5. Refrigerate until ready to serve. Makes 24-28 appetizers.

Three Sisters Breakfast Bowls with Black Beans, Hominy, and Roasted Butternut Squash

Three Sisters Breakfast Bowl with Black Beans, Hominy, and Roasted Butternut Squash - view recipe at birdseedkitchen.com

Hominy is an ingredient that you don’t hear about often, unless you are making a Mexican dish like pozole, or you want to make your own Corn Nuts. (Yes, you can. This could be dangerous.)

Hominy, also called as nixtamal, is made from field corn that has been treated by a process called nixtamalization. Field corn is cooked and soaked in an alkaline solution (usually a dilute solution of calcium hydroxide know as limewater), washed, and then canned or dried.

Is hominy nutritious? The alkaline soaking solution in which hominy is process gives it a substantially higher calcium content than maize or corn. The nixtamalization process also makes the grain’s niacin more easily absorbed by the body. Hominy is also a whole grain, containing about 4 grams of dietary fiber per cup. I would treat it like any other starch or grain in a balanced diet.

I’ve been working on solutions for nutritious breakfasts which are pre-cooked, pre-prepped, or grab-and-go. In the past, we’ve relied on frozen burritos and breakfast biscuits, but I am a big fan of a homemade breakfast – and the small frozen meals were not cutting it for my pre-teen’s growing appetite. He gets on the bus just after 7 am, and needs a hearty breakfast to keep him going through first-hour gym class, until his late lunch period. And so, the first in what I hope is a series of breakfast bowls was born.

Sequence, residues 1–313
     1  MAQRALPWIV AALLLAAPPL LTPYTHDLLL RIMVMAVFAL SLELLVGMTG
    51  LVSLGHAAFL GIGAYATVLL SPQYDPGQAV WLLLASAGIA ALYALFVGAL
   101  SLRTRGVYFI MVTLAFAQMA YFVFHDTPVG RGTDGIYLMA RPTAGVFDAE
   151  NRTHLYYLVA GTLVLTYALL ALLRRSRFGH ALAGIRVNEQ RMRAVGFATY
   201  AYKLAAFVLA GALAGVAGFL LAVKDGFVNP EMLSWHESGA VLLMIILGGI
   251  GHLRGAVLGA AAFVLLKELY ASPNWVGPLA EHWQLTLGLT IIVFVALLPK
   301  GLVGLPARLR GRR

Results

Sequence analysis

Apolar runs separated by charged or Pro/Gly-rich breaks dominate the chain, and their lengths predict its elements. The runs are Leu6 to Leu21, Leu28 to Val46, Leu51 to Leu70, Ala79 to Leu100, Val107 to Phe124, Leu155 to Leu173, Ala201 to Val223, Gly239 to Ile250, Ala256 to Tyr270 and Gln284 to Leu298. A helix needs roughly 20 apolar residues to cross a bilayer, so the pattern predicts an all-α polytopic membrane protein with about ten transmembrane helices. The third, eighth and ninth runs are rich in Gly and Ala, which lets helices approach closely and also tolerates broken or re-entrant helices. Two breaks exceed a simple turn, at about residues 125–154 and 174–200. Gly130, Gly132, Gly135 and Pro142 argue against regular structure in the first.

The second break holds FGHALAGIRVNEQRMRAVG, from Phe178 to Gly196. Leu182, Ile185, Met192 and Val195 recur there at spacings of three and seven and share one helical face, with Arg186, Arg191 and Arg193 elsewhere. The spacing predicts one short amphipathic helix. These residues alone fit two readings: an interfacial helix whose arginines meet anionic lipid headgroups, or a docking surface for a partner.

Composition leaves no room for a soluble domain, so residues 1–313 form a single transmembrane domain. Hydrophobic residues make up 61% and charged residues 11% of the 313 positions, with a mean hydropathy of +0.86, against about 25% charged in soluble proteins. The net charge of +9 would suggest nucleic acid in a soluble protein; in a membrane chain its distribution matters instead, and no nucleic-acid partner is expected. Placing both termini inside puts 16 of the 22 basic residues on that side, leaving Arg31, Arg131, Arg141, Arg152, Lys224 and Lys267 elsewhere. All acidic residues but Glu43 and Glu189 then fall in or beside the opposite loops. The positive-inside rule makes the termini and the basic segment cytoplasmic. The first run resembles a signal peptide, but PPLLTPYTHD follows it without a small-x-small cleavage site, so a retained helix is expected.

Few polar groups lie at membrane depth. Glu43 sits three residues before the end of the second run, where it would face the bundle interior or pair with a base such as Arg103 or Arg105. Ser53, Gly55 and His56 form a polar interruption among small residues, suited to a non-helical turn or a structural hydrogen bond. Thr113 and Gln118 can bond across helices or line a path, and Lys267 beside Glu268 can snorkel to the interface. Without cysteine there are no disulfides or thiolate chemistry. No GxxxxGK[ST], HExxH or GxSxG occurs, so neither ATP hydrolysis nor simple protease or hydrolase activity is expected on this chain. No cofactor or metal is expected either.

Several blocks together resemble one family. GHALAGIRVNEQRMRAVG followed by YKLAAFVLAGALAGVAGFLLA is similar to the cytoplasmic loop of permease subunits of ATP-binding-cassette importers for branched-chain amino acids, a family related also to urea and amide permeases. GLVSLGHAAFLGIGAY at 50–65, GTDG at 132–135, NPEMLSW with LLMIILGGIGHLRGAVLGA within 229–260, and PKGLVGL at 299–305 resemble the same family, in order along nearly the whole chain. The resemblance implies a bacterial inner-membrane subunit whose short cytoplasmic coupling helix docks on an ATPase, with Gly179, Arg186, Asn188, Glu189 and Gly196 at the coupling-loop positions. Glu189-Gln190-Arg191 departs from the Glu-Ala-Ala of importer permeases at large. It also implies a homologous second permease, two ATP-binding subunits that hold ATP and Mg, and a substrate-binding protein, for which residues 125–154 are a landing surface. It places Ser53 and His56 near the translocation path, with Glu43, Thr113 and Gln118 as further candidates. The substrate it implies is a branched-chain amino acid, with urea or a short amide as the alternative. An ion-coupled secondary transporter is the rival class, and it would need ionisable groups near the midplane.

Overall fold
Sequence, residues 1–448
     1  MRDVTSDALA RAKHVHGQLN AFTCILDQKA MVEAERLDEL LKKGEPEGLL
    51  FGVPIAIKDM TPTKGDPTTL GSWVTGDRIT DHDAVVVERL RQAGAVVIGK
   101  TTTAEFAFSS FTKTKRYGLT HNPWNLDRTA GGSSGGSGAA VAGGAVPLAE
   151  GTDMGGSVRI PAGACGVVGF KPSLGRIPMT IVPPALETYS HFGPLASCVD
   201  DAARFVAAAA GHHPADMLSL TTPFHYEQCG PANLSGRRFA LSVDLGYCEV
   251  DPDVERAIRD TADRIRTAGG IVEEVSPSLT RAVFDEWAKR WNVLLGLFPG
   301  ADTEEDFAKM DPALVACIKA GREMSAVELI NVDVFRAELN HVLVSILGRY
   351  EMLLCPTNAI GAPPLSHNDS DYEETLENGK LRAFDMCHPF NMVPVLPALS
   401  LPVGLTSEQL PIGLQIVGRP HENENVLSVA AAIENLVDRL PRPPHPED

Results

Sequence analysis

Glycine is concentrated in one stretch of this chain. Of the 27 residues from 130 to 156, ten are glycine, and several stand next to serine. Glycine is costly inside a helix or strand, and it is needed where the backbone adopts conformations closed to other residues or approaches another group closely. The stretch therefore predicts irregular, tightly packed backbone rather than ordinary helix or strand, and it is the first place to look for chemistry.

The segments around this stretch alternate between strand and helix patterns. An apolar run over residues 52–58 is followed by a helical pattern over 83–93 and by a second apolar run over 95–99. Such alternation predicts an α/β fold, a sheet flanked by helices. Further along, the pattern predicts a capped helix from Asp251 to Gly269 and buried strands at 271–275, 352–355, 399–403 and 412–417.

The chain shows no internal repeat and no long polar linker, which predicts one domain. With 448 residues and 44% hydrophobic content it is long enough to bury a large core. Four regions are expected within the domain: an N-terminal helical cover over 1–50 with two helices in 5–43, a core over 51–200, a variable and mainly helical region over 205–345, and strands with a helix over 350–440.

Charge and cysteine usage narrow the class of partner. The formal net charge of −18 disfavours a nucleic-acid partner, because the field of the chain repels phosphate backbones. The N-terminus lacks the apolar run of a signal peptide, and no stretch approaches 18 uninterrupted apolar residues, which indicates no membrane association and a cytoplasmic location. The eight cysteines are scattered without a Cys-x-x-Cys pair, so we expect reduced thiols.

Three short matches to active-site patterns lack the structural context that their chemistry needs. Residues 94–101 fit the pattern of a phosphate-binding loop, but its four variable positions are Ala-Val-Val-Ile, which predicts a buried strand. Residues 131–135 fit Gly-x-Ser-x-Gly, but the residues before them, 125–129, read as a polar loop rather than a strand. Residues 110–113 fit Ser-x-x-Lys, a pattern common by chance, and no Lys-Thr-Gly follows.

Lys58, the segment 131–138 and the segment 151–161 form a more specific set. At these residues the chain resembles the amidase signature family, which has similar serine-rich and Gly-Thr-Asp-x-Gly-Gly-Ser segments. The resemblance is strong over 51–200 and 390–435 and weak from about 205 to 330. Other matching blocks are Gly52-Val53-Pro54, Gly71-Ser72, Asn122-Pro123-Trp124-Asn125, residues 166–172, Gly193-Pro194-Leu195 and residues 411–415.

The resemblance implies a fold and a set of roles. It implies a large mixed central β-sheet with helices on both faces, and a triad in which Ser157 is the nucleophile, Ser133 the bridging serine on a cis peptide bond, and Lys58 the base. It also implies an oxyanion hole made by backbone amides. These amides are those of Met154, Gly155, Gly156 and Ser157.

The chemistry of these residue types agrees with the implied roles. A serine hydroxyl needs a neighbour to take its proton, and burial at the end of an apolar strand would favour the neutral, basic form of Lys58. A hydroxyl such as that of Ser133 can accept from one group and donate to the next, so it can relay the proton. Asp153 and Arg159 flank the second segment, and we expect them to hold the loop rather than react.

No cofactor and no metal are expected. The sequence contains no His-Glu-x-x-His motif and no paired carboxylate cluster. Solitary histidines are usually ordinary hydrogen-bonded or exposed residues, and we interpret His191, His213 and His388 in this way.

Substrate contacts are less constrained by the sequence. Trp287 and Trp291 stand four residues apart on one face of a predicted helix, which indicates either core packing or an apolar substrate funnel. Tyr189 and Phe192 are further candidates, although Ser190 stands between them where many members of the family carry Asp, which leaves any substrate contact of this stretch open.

These bowls feature the “three sisters” – corn, beans, and squash – the three main agricultural crops of Native Americans in North America. This bowl has quite a few components, but the stovetop prep can be done while the squash is roasting. I prepped the squash first, using the bulbous ends of two butternut squashes, left over from recent spiralizings. To make the squash easier to peel, prick it a few times with the tip of a knife and microwave it for one minute.

The chorizo I use is from our local meat shop, Old Time Meat and Deli. It’s not a truly authentic chorizo, but I like it for what it is: leaner and milder than its more authentic counterparts. Once browned and crumbled it in the pan, drain it on a plate lined with paper towels to remove excess oil. Then, use those delicious browned bits left over in the pan to add flavor to the black beans, with the help of a tablespoon of water for deglazing.

After the beans, give your pan a rinse, heat it on the stove to dry it out, add oil, and sauté the hominy. It has a tendency to pop in the pan, so if you have a mesh splatter shield, you might want to keep it handy. I blotted mine lightly with a paper towel after thoroughly draining it to cut down on spattering.